From these results, the degradation in tensile strength due to hydrogen absorption for Ni-Ti shape memory al-loys with microstructures including the parent phase may be significant, whereas the corrosion of alloys with microstructures including the martensite phase may be significant. Therefore, the significant degradation of tensile strength for specimen B is probably caused by a synergistic effect of hydrogen absorption and corrosion. In addition, the effect of corrosion on the tensile strength of specimen A was less than that of specimens B and C; therefore, the degradation of tensile strength for specimen A remained small when the immersion time was increased from 4 to 6 h. In the case of cathodic hydrogen charging without corrosion, the interaction of hydrogen with the dynamic phase transformation from the parent phase to the martensite phase is important for evaluation of the hydrogen embrittlement behavior of Ni-Ti shape memory alloys. We have revealed that the relationship between the characteristics of absorbed hydrogen, alloy microstructure, and corrosion behavior should be clarified to evaluate the hydrogen embrittle-ment behavior of alloys in corrosive environembrittle-ments.

Conclusions

The hydrogen embrittlement behavior of Ni-Ti shape memory alloy with different microstructures in acidic fluoride solution was examined, and the following results were obtained:

1. When the amount of absorbed hydrogen exceeds approximately 100 mass ppm, the tensile strength of the immersed specimens decreases, irrespective of the specimen microstructure.

2. The susceptibility to hydrogen embrittlement of the Ni-Ti shape memory alloy with a microstructure including the parent phase tends to be high when the degree of corrosion is not significantly different for the alloy microstructure.

3. The effect of corrosion on the tensile strength of Ni-Ti shape memory alloy is significant when the microstructure includes the martensite phase.

Competing interests

The authors declare that they have no competing interests.

Authors’contributions

TO drafted the manuscript. EY and TO carried out the experimental work. KM and JS guided the entire research work and made vital discussions. All authors read and approved the final manuscript.

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Author details

1

Department of Mechanical Engineering, National Institute of Technology, Kisarazu College, 2-11-1 Kiyomidai-higashi, Kisarazu-shi, Chiba 292-0041, Japan.2Department of Materials Science and Technology, Nagaoka University of Technology, 1603-1 Kamitomioka, Nagaoka-shi, Niigata 940-2188, Japan. 3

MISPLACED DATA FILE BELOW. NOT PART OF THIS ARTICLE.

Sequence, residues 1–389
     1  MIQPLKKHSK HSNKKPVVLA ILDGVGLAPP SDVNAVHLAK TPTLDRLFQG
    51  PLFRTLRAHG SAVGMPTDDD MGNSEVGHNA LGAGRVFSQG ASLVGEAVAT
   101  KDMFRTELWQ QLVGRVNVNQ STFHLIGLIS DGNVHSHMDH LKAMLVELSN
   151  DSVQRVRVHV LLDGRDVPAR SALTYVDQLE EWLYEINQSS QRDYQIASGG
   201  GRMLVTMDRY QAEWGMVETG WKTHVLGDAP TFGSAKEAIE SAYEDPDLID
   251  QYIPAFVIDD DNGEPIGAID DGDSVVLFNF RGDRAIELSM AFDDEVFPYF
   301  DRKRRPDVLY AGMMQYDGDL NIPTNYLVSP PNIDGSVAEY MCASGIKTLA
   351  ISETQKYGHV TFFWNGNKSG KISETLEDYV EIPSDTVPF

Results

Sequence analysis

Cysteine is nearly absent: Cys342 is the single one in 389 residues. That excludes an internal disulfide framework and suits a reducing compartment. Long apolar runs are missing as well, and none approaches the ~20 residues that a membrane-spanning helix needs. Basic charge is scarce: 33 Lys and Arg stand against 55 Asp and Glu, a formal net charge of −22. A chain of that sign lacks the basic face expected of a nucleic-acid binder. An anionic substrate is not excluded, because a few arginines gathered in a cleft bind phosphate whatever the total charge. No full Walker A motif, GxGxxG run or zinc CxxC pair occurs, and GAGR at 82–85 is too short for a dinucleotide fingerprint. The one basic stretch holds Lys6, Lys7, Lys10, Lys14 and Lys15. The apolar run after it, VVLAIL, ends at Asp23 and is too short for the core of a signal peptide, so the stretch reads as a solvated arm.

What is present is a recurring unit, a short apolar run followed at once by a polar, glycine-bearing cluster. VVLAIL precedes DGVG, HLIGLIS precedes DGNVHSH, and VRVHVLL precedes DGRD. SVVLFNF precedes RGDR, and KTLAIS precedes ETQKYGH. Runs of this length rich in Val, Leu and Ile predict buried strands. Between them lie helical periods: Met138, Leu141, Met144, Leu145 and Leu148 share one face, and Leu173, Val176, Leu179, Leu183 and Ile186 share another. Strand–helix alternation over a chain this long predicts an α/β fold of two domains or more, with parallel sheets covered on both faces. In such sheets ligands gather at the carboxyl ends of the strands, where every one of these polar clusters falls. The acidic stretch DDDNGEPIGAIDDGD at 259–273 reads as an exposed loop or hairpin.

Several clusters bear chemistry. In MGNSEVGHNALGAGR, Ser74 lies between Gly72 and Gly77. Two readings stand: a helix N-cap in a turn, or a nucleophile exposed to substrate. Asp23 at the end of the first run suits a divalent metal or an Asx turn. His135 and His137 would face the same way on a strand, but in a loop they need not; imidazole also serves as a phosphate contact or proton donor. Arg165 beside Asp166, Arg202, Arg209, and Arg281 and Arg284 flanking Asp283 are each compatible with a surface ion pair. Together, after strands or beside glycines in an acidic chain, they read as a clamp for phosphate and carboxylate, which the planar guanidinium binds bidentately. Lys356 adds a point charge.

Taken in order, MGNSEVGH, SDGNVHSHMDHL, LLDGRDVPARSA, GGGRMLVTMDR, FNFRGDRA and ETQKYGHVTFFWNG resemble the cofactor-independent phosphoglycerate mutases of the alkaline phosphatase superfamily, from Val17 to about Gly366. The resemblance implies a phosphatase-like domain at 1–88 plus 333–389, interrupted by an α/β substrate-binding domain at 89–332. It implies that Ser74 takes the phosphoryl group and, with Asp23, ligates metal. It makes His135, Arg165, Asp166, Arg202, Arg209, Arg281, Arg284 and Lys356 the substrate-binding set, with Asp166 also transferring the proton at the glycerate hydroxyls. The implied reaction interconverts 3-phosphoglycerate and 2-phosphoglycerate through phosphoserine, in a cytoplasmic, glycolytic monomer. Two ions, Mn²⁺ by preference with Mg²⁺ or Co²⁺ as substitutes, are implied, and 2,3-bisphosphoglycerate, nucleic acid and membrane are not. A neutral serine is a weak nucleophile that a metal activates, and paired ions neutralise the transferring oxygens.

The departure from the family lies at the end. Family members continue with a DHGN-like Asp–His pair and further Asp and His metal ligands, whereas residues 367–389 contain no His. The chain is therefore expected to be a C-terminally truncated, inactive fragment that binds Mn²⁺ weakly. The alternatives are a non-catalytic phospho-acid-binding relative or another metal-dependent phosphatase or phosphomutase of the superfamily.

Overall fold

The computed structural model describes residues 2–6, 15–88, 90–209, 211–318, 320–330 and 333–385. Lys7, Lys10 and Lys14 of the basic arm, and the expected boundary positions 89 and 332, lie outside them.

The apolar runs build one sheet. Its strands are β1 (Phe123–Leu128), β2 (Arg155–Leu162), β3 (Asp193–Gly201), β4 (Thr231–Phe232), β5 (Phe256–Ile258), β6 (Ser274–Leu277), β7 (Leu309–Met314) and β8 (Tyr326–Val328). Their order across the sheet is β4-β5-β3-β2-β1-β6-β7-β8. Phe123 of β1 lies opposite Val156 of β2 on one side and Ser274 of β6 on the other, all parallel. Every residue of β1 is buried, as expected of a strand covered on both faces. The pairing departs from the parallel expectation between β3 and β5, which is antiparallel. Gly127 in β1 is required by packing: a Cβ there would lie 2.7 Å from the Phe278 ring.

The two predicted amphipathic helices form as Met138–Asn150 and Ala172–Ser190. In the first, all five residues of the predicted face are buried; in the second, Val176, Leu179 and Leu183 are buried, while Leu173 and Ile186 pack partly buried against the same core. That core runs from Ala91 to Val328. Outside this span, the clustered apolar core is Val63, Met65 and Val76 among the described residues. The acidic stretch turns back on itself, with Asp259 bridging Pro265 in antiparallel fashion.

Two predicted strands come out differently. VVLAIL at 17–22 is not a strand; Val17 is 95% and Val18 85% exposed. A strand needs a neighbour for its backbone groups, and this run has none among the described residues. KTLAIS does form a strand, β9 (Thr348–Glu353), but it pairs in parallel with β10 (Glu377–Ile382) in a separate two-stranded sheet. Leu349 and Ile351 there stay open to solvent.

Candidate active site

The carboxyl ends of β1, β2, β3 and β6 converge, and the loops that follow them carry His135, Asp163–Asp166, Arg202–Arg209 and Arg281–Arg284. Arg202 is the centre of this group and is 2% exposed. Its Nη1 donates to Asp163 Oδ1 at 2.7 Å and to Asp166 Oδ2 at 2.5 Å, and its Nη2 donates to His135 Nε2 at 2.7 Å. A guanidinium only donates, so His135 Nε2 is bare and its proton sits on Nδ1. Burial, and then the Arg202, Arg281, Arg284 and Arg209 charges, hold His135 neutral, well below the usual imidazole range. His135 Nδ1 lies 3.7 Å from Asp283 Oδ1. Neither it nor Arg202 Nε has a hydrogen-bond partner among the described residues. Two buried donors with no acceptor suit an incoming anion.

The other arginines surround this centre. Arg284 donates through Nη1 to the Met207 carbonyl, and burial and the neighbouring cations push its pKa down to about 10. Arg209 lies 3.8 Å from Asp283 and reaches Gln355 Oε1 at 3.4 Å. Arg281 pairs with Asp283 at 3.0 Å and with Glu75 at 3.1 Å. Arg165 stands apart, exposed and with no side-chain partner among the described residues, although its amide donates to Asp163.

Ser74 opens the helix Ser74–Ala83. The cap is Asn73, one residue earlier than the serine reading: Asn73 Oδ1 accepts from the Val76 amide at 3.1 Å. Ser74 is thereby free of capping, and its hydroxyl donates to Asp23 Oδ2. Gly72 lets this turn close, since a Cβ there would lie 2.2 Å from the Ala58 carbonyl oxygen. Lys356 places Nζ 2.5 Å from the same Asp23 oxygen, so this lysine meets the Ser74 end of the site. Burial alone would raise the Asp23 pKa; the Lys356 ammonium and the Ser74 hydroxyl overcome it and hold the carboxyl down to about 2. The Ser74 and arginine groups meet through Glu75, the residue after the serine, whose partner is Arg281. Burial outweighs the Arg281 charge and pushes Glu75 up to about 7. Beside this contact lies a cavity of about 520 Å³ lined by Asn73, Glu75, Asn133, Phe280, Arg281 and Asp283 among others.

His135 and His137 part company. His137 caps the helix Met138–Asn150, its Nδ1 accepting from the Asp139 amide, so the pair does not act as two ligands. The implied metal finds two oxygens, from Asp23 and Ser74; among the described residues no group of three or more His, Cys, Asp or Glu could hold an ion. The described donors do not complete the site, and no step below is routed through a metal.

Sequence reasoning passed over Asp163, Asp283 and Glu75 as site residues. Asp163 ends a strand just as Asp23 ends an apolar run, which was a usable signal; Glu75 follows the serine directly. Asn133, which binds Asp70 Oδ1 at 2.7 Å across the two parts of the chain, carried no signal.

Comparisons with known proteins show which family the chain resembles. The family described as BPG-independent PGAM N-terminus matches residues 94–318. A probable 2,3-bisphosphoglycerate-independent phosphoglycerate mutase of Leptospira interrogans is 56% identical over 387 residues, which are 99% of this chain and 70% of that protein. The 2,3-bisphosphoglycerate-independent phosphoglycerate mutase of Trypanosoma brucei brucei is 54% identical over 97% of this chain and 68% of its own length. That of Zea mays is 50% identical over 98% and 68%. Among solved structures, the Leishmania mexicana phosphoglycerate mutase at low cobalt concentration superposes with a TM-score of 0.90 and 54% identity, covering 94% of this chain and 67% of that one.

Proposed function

Faculty of Science and Engineering, Waseda University, 3-4-1 Okubo, Shinjuku-ku, Tokyo 169-8555, Japan.4Kagami Memorial Laboratory for Materials Science and Technology, Waseda University, 2-8-6, Nishiwaseda, Shinjuku-ku, Tokyo 169-0051, Japan.

Received: 19 May 2015 Accepted: 3 July 2015

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Figure

Fig. 1 Relationship between applied strain points of specimens A, Band C and stress-strain curve of the Ni-Ti shape memory alloy
Fig. 1 Relationship between applied strain points of specimens A, Band C and stress-strain curve of the Ni-Ti shape memory alloy p.2
Fig. 2 Optical micrographs ofc a specimen A, b specimen B, and specimen C
Fig. 2 Optical micrographs ofc a specimen A, b specimen B, and specimen C p.3
Fig. 3 Typical stress-strain curves ofe a non-immersed specimen and specimens immersed for b 2 h, c 4 h, and d 6 h in 0.2 % APF solution and tensile strength of non-immersed and immersed specimens as a function of immersion time
Fig. 3 Typical stress-strain curves ofe a non-immersed specimen and specimens immersed for b 2 h, c 4 h, and d 6 h in 0.2 % APF solution and tensile strength of non-immersed and immersed specimens as a function of immersion time p.4
Fig. 4 Mass loss of immersed specimens as a function of immersiontime
Fig. 4 Mass loss of immersed specimens as a function of immersiontime p.5
Fig. 5 SEM micrographs of typical side surfaces of a non-immersed specimen A and b magnified view of a, c specimen A immersed in 0.2 % APFsolution for 2 h and d magnified view of c, e specimen A immersed in 0.2 % APF solution for 4 h and f magnified view of e, and g specimen Aimmersed in 0.2 % APF solution for 6 h and h magnified view of g
Fig. 5 SEM micrographs of typical side surfaces of a non-immersed specimen A and b magnified view of a, c specimen A immersed in 0.2 % APFsolution for 2 h and d magnified view of c, e specimen A immersed in 0.2 % APF solution for 4 h and f magnified view of e, and g specimen Aimmersed in 0.2 % APF solution for 6 h and h magnified view of g p.6
Fig. 6 Amounts of hydrogen absorbed in the immersed specimensas a function of immersion time
Fig. 6 Amounts of hydrogen absorbed in the immersed specimensas a function of immersion time p.7
Fig. 7 Hydrogen thermal desorption curves for specimens immersedfor a 2 h, b 4 h, and c 6 h in 0.2 % APF solution
Fig. 7 Hydrogen thermal desorption curves for specimens immersedfor a 2 h, b 4 h, and c 6 h in 0.2 % APF solution p.7
Fig. 8 SEM micrographs of typical fracture surfaces ofand a non-immersed specimen A and magnified views of b center and c outer parts in a, d specimen A immersed in 0.2 % APF solution for 4 h and magnified views of e center and f outer parts in d
Fig. 8 SEM micrographs of typical fracture surfaces ofand a non-immersed specimen A and magnified views of b center and c outer parts in a, d specimen A immersed in 0.2 % APF solution for 4 h and magnified views of e center and f outer parts in d p.8
Fig. 9 Vickers microhardness of specimens immersed in 0.2 % APFsolution for a 2 h, b 4 h, and c 6 h
Fig. 9 Vickers microhardness of specimens immersed in 0.2 % APFsolution for a 2 h, b 4 h, and c 6 h p.9